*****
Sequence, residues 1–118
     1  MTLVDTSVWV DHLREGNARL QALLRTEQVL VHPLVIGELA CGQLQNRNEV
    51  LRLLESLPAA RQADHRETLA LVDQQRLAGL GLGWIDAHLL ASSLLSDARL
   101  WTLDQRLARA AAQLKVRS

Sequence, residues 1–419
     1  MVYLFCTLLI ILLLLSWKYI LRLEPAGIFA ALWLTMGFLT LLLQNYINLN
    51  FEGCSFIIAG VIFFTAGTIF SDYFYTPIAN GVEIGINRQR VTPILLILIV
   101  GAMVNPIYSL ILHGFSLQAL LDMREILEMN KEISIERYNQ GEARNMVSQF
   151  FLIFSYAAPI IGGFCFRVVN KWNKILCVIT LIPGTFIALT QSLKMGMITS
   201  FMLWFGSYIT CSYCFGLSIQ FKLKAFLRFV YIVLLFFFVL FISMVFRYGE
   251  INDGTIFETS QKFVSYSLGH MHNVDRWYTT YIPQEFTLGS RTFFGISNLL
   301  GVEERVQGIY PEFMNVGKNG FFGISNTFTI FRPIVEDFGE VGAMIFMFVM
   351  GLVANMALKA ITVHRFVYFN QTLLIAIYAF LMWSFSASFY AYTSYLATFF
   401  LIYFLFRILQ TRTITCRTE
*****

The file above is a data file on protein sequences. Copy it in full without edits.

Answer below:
Sequence, residues 1–118
     1  MTLVDTSVWV DHLREGNARL QALLRTEQVL VHPLVIGELA CGQLQNRNEV
    51  LRLLESLPAA RQADHRETLA LVDQQRLAGL GLGWIDAHLL ASSLLSDARL
   101  WTLDQRLARA AAQLKVRS

Sequence, residues 1–419
     1  MVYLFCTLLI ILLLLSWKYI LRLEPAGIFA ALWLTMGFLT LLLQNYINLN
    51  FEGCSFIIAG VIFFTAGTIF SDYFYTPIAN GVEIGINRQR VTPILLILIV
   101  GAMVNPIYSL ILHGFSLQAL LDMREILEMN KEISIERYNQ GEARNMVSQF
   151  FLIFSYAAPI IGGFCFRVVN KWNKILCVIT LIPGTFIALT QSLKMGMITS
   201  FMLWFGSYIT CSYCFGLSIQ FKLKAFLRFV YIVLLFFFVL FISMVFRYGE
   251  INDGTIFETS QKFVSYSLGH MHNVDRWYTT YIPQEFTLGS RTFFGISNLL
   301  GVEERVQGIY PEFMNVGKNG FFGISNTFTI FRPIVEDFGE VGAMIFMFVM
   351  GLVANMALKA ITVHRFVYFN QTLLIAIYAF LMWSFSASFY AYTSYLATFF
   401  LIYFLFRILQ TRTITCRTE